It may seem obvious, but lab safety cannot be overlooked. Becoming complacent in this area can lead to harmful consequences beyond just lost time in the lab and compromised experiments. Today we wanted to share a few tips to help you and your labmates recommit to safety in the lab so that everyone remains healthy and happy.
Put safety above productivity
We have written many blog posts about being productive in the lab and it is a really great thing, it is critical to make sure that the culture in your lab does not put efficiency over safety. When working, safety should always be the top priority. All employees should feel empowered to work at a pace that allows them to be as safe as possible.
Use a top down approach from management
If there are any managers reading, this one’s for you! You set the example for the whole rest of the team. You can help to inspire others by setting a good example and you can also spark conversations within your team about best practices.
Be aware of turnover rates
Studies have shown that small organizations and organizations with high rates of turnover have disproportionate rates of workplace safety incidents. In smaller workplaces, there is often a lack of resources to ensure that proper training takes place. In labs with high turnover, for example those on university campuses where students come and go, safety trainings often do not take place often enough to capture new employees as they begin. In other cases, these trainings are overlooked because they are difficult to track among so many employees. A concrete onboarding process can help to eliminate some of these safety concerns.
Encourage peer supports
Encouraging a culture of teamwork in the lab will make employees feel more comfortable seeking help if a safety issue arises. Not to mention, we all know the old saying “safety in numbers.”
Brainstorm how you will communicate changes in safety policies or reminders with your staff. Perhaps you create a safety Slack channel or an email list. It is critical that the whole team stays up to date since word of mouth is likely not the most effective way.
Add safety to performance evaluations
By adding safety as a category on employee evaluations, managers have a clear time during which they can check in with employees about their safety practices and any ongoing problems that need to be remedied. Additionally, knowing that they are being formally evaluated will add an additional incentive for employees to prioritize safety measures.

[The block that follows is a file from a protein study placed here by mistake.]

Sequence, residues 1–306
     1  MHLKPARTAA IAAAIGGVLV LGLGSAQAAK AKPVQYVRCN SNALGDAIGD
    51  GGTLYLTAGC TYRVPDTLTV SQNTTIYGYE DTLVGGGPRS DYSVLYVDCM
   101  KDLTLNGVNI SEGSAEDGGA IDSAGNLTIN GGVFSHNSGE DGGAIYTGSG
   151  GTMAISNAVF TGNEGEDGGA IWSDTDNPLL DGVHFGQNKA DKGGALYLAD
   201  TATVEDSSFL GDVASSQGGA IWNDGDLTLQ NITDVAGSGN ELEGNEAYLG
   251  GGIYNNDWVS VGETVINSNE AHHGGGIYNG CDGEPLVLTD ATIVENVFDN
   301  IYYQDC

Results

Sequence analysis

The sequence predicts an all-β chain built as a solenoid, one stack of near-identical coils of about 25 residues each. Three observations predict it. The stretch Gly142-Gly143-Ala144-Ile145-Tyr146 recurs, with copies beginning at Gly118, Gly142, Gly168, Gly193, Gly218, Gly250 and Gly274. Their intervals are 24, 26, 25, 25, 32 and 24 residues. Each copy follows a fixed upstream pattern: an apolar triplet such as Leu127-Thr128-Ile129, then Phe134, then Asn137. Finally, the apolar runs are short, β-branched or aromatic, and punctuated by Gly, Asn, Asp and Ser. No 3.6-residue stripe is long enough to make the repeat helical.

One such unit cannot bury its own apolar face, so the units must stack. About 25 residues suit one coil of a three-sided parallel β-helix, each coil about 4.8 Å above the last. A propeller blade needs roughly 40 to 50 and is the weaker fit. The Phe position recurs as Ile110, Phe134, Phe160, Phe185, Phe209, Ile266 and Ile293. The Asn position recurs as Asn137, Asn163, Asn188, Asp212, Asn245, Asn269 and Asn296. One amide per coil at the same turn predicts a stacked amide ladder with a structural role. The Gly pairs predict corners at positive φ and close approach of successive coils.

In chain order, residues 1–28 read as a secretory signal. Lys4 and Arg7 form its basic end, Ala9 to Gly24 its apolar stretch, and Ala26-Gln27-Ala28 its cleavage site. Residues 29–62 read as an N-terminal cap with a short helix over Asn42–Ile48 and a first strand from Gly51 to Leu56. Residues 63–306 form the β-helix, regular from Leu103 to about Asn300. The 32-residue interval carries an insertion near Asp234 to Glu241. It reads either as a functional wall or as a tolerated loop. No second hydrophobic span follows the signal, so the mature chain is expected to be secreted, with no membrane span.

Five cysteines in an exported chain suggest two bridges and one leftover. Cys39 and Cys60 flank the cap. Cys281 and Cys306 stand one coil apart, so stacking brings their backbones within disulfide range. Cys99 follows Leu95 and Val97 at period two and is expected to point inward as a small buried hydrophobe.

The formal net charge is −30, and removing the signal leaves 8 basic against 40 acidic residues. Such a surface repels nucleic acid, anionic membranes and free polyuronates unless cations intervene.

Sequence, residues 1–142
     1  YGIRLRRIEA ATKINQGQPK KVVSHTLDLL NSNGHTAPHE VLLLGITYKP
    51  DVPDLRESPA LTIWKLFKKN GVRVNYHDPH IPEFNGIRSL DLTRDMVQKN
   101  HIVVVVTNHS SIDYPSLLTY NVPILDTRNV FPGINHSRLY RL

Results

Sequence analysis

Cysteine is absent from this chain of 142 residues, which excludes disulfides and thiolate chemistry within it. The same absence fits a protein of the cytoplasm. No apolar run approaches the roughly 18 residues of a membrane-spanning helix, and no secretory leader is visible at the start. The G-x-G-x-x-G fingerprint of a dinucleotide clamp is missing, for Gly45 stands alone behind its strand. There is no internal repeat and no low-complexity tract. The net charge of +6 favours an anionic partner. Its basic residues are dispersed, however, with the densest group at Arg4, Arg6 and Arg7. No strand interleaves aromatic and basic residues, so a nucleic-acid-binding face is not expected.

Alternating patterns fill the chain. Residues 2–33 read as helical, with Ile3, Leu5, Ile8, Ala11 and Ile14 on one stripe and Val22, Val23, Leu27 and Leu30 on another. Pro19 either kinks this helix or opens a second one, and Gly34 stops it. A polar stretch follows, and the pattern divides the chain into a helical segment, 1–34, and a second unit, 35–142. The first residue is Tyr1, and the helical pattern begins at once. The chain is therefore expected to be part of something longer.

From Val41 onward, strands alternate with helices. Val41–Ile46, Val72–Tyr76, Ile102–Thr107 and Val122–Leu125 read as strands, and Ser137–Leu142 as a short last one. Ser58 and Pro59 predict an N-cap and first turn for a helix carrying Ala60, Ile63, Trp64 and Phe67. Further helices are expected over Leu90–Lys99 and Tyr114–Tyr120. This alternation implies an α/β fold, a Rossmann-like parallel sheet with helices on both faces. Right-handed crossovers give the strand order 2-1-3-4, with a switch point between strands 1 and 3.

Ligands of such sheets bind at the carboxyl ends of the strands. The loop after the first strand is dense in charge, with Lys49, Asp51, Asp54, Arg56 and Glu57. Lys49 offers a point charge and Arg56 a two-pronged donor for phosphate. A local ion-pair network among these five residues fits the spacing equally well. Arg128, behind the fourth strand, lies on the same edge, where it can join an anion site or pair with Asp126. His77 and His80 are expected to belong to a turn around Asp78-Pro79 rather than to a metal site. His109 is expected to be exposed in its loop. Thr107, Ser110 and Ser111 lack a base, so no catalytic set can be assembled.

Don’t ignore emergency training
It is easy to ignore the possibility of an emergency because it may feel like nothing better is ever going to happen. Luckily, emergencies are very rare, but it is still important to be prepared to reduce the level of harm if something does go wrong. All workers should be fully briefed on how to handle an emergency situation and you should also have safety drills so the response is second nature if something were to happen.
Write it all down
Having written safety policies can help to hold others accountable, keep safety at the forefront of your mind, and make sure that everybody knows what is expected of them. If you do not currently have a set of written guidelines working together to draft them as a team can serve as a great team building exercise that can help everyone unite behind the same goals.
Think about waste
Every lab needs to have a system for the legal, safe, and ecologically acceptable disposal of chemical wastes. Every person working in the lab needs to be fully aware of this to avoid an negative harm, especially to the environment. If you aren’t sure how something is meant to be disposed of, do not just make your best guess. Refer to the safety manual or ask a supervisor.
We hope these ideas inspire you and your team to think about how you can recommit to being safe in the lab. Do you have a favorite safety tip or initiative? Share it with us on Twitter, @Conserisapp.
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